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Serum high-density lipoprotein cholesterol, metabolic profile, and breast cancer risk.
J Natl Cancer Inst 2004; 96(15):1152-60JNCI

Abstract

BACKGROUND

The prevalence of metabolic syndrome (obesity, glucose intolerance, low serum high-density lipoprotein cholesterol [HDL-C], high serum triglycerides, hypertension) is high and increasing in parallel with an increasing breast cancer incidence worldwide. HDL-C represents an important aspect of the syndrome, yet its role in breast cancer is still undefined.

METHODS

In two population-based screening surveys during 1977-1983 and 1985-1987, serum HDL-C was assayed enzymatically among 38,823 Norwegian women aged 17-54 years at entry. Height, weight, blood pressure, serum lipids, fat and energy intake, physical activity, parity, oral contraceptive use, hormone therapy use, alcohol intake, and tobacco use were also assessed. We used Cox proportional hazards modeling to estimate the relative risk (RR) of breast cancer associated with serum HDL-C levels and to adjust for potential confounding variables. We performed stratified analyses to evaluate effect modification by body mass index (BMI) and menopausal status. All statistical tests were two-sided.

RESULTS

During a median follow-up of 17.2 years, we identified 708 cases of invasive breast cancer. In multivariable analysis, the risk of postmenopausal breast cancer was inversely related to quartile of HDL-C (P(trend) =.02). Among women with HDL-C above 1.64 mmol/L (highest quartile) versus below 1.20 mmol/L (lowest quartile), the relative risk was 0.75 (95% confidence interval [CI] = 0.58 to 0.97). The HDL-C association was confined to women in the heavier subgroup (BMI > or =25 kg/m2), for whom the relative risk of postmenopausal breast cancer in those with HDL-C above 1.64 mmol/L versus below 1.20 mmol/L was 0.43 (95% CI = 0.28 to 0.67; P(trend)<.001; P(interaction) =.001).

CONCLUSION

Low HDL-C, as part of the metabolic syndrome, is associated with increased postmenopausal breast cancer risk.

Authors+Show Affiliations

Section of Epidemiology and Medical Statistics, Institute of Community Medicine, Faculty of Medicine, University of Tromsø, Tromsø, Norway. anne-sofie.furberg@ism.uit.noNo affiliation info availableNo affiliation info availableNo affiliation info availableNo affiliation info available

Pub Type(s)

Journal Article
Research Support, Non-U.S. Gov't

Language

eng

PubMed ID

15292387

Citation

Furberg, Anne-Sofie, et al. "Serum High-density Lipoprotein Cholesterol, Metabolic Profile, and Breast Cancer Risk." Journal of the National Cancer Institute, vol. 96, no. 15, 2004, pp. 1152-60.
Furberg AS, Veierød MB, Wilsgaard T, et al. Serum high-density lipoprotein cholesterol, metabolic profile, and breast cancer risk. J Natl Cancer Inst. 2004;96(15):1152-60.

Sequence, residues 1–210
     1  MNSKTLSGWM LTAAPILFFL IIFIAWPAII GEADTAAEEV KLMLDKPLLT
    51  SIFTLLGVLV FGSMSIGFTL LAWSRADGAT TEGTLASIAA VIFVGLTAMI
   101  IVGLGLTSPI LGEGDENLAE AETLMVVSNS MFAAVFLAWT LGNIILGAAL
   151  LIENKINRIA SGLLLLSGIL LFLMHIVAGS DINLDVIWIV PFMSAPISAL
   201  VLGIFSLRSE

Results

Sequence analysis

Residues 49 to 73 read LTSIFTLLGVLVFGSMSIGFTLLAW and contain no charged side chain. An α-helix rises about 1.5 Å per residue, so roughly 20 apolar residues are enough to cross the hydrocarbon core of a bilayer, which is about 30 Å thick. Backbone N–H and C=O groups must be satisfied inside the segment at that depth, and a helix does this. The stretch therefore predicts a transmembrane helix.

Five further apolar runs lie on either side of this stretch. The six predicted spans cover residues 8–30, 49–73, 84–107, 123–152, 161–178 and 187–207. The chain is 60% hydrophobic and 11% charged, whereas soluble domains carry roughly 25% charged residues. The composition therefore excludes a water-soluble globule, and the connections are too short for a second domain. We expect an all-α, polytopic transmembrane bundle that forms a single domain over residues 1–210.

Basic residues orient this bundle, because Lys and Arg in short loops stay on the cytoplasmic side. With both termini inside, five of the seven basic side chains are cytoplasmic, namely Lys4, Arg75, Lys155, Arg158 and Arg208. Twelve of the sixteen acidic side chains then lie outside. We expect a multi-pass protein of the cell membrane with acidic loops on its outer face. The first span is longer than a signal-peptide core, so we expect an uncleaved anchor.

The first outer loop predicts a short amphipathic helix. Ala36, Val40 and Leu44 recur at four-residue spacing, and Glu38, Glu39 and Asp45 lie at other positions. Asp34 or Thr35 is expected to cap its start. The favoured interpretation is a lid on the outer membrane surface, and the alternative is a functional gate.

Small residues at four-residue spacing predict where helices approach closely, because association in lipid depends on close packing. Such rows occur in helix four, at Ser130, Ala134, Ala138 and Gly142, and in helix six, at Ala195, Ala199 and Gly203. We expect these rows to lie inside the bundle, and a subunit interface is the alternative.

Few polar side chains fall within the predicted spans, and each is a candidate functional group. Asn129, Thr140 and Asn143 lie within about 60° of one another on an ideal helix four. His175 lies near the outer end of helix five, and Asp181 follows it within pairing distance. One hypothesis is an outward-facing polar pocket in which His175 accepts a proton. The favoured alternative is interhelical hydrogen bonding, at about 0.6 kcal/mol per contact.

Furberg, A. S., Veierød, M. B., Wilsgaard, T., Bernstein, L., & Thune, I. (2004). Serum high-density lipoprotein cholesterol, metabolic profile, and breast cancer risk. Journal of the National Cancer Institute, 96(15), pp. 1152-60.
Furberg AS, et al. Serum High-density Lipoprotein Cholesterol, Metabolic Profile, and Breast Cancer Risk. J Natl Cancer Inst. 2004 Aug 4;96(15):1152-60. PubMed PMID: 15292387.
* Article titles in AMA citation format should be in sentence-case
TY - JOUR T1 - Serum high-density lipoprotein cholesterol, metabolic profile, and breast cancer risk. AU - Furberg,Anne-Sofie, AU - Veierød,Marit Bragelien, AU - Wilsgaard,Tom, AU - Bernstein,Leslie, AU - Thune,Inger, PY - 2004/8/5/pubmed PY - 2004/8/13/medline PY - 2004/8/5/entrez SP - 1152 EP - 60 JF - Journal of the National Cancer Institute JO - J. Natl. Cancer Inst. VL - 96 IS - 15 N2 - BACKGROUND: The prevalence of metabolic syndrome (obesity, glucose intolerance, low serum high-density lipoprotein cholesterol [HDL-C], high serum triglycerides, hypertension) is high and increasing in parallel with an increasing breast cancer incidence worldwide. HDL-C represents an important aspect of the syndrome, yet its role in breast cancer is still undefined. METHODS: In two population-based screening surveys during 1977-1983 and 1985-1987, serum HDL-C was assayed enzymatically among 38,823 Norwegian women aged 17-54 years at entry. Height, weight, blood pressure, serum lipids, fat and energy intake, physical activity, parity, oral contraceptive use, hormone therapy use, alcohol intake, and tobacco use were also assessed. We used Cox proportional hazards modeling to estimate the relative risk (RR) of breast cancer associated with serum HDL-C levels and to adjust for potential confounding variables. We performed stratified analyses to evaluate effect modification by body mass index (BMI) and menopausal status. All statistical tests were two-sided. RESULTS: During a median follow-up of 17.2 years, we identified 708 cases of invasive breast cancer. In multivariable analysis, the risk of postmenopausal breast cancer was inversely related to quartile of HDL-C (P(trend) =.02). Among women with HDL-C above 1.64 mmol/L (highest quartile) versus below 1.20 mmol/L (lowest quartile), the relative risk was 0.75 (95% confidence interval [CI] = 0.58 to 0.97). The HDL-C association was confined to women in the heavier subgroup (BMI > or =25 kg/m2), for whom the relative risk of postmenopausal breast cancer in those with HDL-C above 1.64 mmol/L versus below 1.20 mmol/L was 0.43 (95% CI = 0.28 to 0.67; P(trend)<.001; P(interaction) =.001). CONCLUSION: Low HDL-C, as part of the metabolic syndrome, is associated with increased postmenopausal breast cancer risk. SN - 1460-2105 UR - https://www.unboundmedicine.com/medline/citation/15292387/Serum_high_density_lipoprotein_cholesterol_metabolic_profile_and_breast_cancer_risk_ L2 - https://academic.oup.com/jnci/article-lookup/doi/10.1093/jnci/djh216 DB - PRIME DP - Unbound Medicine ER -